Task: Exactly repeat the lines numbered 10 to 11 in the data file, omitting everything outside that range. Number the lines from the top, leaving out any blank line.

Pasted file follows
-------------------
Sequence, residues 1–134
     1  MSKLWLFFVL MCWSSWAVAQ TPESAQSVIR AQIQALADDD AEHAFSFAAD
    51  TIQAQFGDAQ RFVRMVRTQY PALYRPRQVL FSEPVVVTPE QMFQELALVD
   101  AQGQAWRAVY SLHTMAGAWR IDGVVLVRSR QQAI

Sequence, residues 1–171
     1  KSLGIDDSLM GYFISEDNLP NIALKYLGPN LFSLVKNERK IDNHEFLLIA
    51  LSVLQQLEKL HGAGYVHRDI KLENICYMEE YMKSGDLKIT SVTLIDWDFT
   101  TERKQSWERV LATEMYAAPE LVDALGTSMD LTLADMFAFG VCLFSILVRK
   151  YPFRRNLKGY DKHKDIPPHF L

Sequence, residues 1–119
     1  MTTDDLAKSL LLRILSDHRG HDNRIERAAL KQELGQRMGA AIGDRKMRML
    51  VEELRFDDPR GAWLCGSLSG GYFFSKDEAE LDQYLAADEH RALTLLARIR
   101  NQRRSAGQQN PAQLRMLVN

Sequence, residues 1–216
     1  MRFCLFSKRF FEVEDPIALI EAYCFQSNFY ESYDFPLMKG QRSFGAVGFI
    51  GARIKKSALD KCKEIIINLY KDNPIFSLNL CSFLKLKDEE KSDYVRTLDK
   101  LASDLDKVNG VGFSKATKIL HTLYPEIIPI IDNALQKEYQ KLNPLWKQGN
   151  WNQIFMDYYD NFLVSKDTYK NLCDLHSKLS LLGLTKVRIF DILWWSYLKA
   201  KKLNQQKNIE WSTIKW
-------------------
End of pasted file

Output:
Sequence, residues 1–119
     1  MTTDDLAKSL LLRILSDHRG HDNRIERAAL KQELGQRMGA AIGDRKMRML